by Dawn G. Bonome on 16 November 2019 - 11:11
Down the road he was arthritic, and lived to be almost 13.
by ZweiGSD on 16 November 2019 - 14:11
As stated before something going on with this post as this is the first time I am seeing it (5 days after original post).
Had a male that was neutered at 12 due to testicular cancer. He lived to 14.
Nans - have you considered a vasectomy? Dog will not be able to breed but will retain all of his hormones for health. If you are on Facebook this group as a lot of articles/studies about desexing vs. sterilization in their units section: https://www.facebook.com/groups/alternativealteringinfo/
by Jenni78 on 18 January 2020 - 20:01
Have you seen a difference now that it's been a few months? Difference in seizures, I mean.
by Koots on 18 January 2020 - 20:01
by Jenni78 on 18 January 2020 - 21:01
I was wondering because I had an older dog here belonging to a friend and she started having seizures. Tested everything under the sun, sent blood to various universities, spinal tap, everything that could explain the seizures, since genetic/idiopathic epilepsy is an early-onset disease, and came up with brain tumor as the diag. It seemed like her seizures started when she was pregnant, so we tried spaying her to see if that would reduce the frequency. It didn't. She progressed and finally passed away.
We had been hoping that the weak positive ehrlichiosis was to blame, as I've seen that before, but it wasn't. Tumor grew, she started having ocular seizures, and had a sudden bleed one day.
Kind off veering off topic... sorry.
by Koots on 18 January 2020 - 22:01
His grand mal seizures started when he was 5.5 yrs old, and with all the testing the vet did it was inconclusive as to cause so the vet diagnosed idiopathic epilepsy. Idiopathic epilepsy can occur as late as 6 yrs old according to some information. Thor is now on Keppra (Leviteracetam) and Phenobarbitol to manage his episodes. Fortunately they do not last long, usually around 1 - 1.5 min and his recovery time is fairly short, but he does the full-blown grand mal, sometimes with urination, but mostly not.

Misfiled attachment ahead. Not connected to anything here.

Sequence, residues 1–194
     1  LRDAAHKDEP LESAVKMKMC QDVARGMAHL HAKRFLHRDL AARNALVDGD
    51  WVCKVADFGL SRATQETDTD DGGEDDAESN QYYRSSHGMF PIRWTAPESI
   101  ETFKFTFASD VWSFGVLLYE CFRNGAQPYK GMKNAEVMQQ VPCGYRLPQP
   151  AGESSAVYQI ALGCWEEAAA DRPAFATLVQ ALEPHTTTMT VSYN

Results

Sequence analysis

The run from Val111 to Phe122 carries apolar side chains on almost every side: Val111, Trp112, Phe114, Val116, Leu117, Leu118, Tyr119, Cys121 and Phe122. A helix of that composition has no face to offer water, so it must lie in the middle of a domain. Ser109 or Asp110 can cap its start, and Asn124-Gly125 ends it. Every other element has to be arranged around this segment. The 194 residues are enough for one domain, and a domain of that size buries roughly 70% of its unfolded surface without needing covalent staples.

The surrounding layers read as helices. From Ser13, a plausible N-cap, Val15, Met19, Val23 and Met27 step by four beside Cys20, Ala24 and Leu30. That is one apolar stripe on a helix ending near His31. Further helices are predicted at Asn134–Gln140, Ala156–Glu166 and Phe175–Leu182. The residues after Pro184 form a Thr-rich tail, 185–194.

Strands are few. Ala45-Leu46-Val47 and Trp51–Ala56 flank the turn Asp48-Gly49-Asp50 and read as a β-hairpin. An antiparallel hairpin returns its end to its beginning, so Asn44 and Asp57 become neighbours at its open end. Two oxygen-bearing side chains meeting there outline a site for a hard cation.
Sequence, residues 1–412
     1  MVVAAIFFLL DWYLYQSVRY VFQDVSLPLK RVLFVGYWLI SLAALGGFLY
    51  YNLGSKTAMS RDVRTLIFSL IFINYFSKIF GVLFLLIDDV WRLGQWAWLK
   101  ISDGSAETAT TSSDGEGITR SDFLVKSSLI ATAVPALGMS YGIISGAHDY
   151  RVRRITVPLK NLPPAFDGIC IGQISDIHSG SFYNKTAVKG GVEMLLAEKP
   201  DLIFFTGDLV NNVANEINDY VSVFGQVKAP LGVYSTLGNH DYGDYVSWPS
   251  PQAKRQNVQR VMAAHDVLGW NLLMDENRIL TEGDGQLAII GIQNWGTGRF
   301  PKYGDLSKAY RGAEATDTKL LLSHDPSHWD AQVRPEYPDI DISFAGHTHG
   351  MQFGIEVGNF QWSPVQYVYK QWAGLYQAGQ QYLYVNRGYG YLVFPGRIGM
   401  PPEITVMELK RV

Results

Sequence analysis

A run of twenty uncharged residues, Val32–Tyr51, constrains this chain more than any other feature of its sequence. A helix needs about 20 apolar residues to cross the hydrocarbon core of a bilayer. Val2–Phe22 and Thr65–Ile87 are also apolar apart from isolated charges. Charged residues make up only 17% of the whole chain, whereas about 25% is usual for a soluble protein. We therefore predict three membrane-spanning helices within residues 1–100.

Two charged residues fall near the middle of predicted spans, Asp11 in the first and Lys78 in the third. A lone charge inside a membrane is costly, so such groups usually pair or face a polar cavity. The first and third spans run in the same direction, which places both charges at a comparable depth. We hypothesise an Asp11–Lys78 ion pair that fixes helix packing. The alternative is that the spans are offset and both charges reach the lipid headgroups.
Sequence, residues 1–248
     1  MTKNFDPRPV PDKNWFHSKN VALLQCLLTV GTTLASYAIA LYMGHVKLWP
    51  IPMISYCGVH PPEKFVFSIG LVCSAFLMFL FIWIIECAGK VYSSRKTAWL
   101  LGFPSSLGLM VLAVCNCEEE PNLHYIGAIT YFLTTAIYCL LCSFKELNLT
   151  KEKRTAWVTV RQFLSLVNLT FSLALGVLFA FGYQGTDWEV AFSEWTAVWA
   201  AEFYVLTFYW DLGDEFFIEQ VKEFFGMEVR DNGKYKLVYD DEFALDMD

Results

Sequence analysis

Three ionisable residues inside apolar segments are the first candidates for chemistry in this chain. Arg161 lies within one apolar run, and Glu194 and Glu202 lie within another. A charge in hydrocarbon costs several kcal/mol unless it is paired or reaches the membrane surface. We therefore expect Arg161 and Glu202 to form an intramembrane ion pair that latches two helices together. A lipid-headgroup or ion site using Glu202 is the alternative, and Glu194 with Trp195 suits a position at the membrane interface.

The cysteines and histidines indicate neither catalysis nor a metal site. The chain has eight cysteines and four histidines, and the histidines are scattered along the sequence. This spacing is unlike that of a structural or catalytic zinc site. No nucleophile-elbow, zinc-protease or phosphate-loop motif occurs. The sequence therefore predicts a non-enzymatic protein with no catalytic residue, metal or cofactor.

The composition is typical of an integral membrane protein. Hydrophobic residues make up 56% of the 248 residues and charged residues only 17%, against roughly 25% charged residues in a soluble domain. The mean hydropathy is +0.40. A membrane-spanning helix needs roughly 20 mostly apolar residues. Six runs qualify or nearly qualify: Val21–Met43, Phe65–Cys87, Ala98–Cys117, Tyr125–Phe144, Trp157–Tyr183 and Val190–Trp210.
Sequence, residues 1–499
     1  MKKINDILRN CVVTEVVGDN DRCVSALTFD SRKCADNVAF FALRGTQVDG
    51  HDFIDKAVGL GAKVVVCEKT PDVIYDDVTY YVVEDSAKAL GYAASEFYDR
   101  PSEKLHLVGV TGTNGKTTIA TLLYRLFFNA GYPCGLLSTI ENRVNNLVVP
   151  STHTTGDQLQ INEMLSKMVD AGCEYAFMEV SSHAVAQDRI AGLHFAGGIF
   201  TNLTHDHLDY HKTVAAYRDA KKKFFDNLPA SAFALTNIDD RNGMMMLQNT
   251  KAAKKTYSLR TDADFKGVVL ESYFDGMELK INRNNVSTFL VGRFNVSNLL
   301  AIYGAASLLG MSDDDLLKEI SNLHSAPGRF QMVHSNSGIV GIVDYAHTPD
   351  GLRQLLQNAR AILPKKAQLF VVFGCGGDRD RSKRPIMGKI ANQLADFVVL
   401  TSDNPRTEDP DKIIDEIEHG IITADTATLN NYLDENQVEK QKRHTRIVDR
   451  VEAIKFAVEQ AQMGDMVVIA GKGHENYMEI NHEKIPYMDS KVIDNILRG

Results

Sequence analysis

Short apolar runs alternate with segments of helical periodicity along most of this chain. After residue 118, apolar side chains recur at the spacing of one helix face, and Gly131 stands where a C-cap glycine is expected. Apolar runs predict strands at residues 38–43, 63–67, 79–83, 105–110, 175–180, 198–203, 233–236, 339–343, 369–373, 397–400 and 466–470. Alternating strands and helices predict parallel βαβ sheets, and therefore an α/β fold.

Neutering him has not seemed to cause any changes to his temperament, or his epilepsy, and he's a happy dog. With our young female (now 6 mos.) he has found his 'inner puppy' and they have a great friendship.
by GSCat on 20 January 2020 - 04:01
Seizures can be caused by things in the environment. You may or may not know they're present :-( Examples: the neighbor uses a permethrin on the yard and it washes/leaches into your yard where your dog plays/trains :-( Or your neighbor is using rat/mouse poison and your dog/cat is eating live/dead poison rodents he/she finds in your yard :-(
by Koots on 20 January 2020 - 08:01
GSCat - that may be a cause for some cases, but we live on 5 acres with big gaps of separation between our neighbours, whom I can't even see because of the trees. The dogs are never loose in the yard without our supervision, otherwise they are in their big (30' x 80') kennel. Also in my dog's case, he has had 23 seizures since his first episode, even with drug therapy he still has them usually at 2-3 week intervals.
When he was neutered, the vet used a sedative that was safe for epileptic dogs, and there were no complications during the surgery or afterwards. The neutering did not make any difference to his seizures either in frequency or duration.